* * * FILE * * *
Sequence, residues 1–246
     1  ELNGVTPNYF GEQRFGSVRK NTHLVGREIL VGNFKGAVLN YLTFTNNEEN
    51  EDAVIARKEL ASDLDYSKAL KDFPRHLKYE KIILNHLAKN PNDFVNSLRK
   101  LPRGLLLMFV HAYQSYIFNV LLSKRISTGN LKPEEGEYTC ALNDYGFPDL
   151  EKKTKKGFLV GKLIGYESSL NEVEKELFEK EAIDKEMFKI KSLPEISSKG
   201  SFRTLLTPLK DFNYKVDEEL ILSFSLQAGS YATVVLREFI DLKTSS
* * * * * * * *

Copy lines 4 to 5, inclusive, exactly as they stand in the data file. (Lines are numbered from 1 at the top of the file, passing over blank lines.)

   101  LPRGLLLMFV HAYQSYIFNV LLSKRISTGN LKPEEGEYTC ALNDYGFPDL
   151  EKKTKKGFLV GKLIGYESSL NEVEKELFEK EAIDKEMFKI KSLPEISSKG